Social Media and Postpartum Mood Disorders

Article by Andrea Paterson

Social media can be a wonderful thing. A ubiquitous part of the way individuals and organizations communicate, platforms like Facebook and Twitter give everyone access to an unprecedented amount of information and new parents are likely to turn to social media for advice and information. Unfortunately the tendency to use social media as a support system can backfire.  When it comes to the postpartum period new parents are often told to look out for their health. A woman with postpartum depression and anxiety will often be told to make sure she’s feeding herself nutritious foods, caring for her body through exercise, and engaging in self-care activities that feed her. But what about media diets? What we consume on the internet can have a major impact on mental health and during the vulnerable days and months that follow the birth of a baby media consumption can have an especially large impact.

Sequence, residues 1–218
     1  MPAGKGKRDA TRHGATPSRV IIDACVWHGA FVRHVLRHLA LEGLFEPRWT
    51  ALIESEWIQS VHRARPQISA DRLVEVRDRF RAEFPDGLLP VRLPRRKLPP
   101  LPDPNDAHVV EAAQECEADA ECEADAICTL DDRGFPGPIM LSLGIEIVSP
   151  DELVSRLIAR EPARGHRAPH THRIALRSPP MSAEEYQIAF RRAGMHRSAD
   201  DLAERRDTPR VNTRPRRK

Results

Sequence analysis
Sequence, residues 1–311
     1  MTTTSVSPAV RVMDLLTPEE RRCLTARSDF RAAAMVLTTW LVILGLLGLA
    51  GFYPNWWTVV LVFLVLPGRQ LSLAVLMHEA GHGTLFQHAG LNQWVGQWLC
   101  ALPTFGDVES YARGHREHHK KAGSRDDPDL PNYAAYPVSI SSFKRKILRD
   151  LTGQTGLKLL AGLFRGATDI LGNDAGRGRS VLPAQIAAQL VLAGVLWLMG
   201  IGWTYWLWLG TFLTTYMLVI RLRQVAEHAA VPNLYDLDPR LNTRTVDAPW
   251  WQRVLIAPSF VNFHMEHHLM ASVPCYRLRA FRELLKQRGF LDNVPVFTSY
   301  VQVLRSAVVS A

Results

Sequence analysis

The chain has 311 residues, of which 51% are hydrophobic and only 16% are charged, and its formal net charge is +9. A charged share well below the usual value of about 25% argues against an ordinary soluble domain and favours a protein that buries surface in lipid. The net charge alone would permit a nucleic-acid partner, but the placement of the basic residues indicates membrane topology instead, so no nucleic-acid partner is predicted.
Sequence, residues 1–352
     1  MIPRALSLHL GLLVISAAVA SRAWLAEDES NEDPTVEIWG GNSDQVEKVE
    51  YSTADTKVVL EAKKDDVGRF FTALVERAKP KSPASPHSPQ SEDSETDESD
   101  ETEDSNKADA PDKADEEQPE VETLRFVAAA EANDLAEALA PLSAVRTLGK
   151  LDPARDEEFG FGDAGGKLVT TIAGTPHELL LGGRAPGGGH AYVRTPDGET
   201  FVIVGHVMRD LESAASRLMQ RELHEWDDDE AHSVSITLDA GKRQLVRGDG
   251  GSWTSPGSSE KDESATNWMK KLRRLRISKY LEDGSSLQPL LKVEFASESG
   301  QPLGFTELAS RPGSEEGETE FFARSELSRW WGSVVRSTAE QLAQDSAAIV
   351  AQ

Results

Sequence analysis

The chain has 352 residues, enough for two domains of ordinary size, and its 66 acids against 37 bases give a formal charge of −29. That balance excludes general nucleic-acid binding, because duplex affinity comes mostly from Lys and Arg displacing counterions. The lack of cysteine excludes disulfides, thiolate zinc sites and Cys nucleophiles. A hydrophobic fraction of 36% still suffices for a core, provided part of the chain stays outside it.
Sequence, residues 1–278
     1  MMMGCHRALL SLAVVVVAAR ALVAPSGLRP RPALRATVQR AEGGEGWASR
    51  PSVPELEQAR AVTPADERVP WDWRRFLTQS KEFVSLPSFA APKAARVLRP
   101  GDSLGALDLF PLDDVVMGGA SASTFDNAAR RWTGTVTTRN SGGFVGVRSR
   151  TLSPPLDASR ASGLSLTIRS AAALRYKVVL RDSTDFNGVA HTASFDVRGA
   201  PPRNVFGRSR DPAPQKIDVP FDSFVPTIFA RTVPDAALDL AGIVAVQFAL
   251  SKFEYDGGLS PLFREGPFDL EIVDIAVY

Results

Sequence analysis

Social media is something I struggle with personally. I am as hooked on Facebook as the next person. I like keeping up with my friends, seeing their photos, and reading up on the latest global news. But since having my son, even after the resolution of most of my postpartum depression and anxiety symptoms,  I have developed a complicated relationship with social media. Nothing has inspired more guilt, self-loathing, and sense of complete failure than becoming a mother. While these feelings undoubtedly would have existed in the absence of Facebook, perusing my daily feed most definitely intensified my anxiety and depression in the postpartum period. The problem with Facebook is that it is a curated account of people’s lives.  Many of my friends use their pages as a place to collect the very best moments of their existence on this planet. Ultimately it becomes a scrapbook that may bring a lot of joy to the user down the road when they get to see all their happiest days in one place. And while I certainly don’t begrudge anyone the chance to shine a light on the positive attributes of their lives, it’s generally true that Facebook does not present a balanced or honest look at life in general and parenthood specifically. As a new mother the discrepancy between my reality and the skewed vision of life I saw on Facebook clashed in devastating ways.  When I saw pictures of happy families enjoying a birthday party, or couples joyfully going on to have a second child without any apparent doubt or when I saw post after post about how “motherhood is the best thing that has ever happened to me and I wouldn’t trade in a single second and I don’t have even a single regret” well, I looked at my own life and felt utterly inadequate.  When I couldn’t bring myself to leave the house it wasn’t helpful to see that other women were packing their kids into those fancy hiking back-packs and doing the Grouse Grind like motherhood hadn’t changed their lives at all. When I felt like motherhood literally had the power to kill me it wasn’t helpful to hear other women say that motherhood is the most wonderful thing ever and they can’t even imagine life without their children. When I was spending another sleepless night wondering if I would ever laugh again it wasn’t helpful to see the latest smiling family photo of people frolicking on the beach.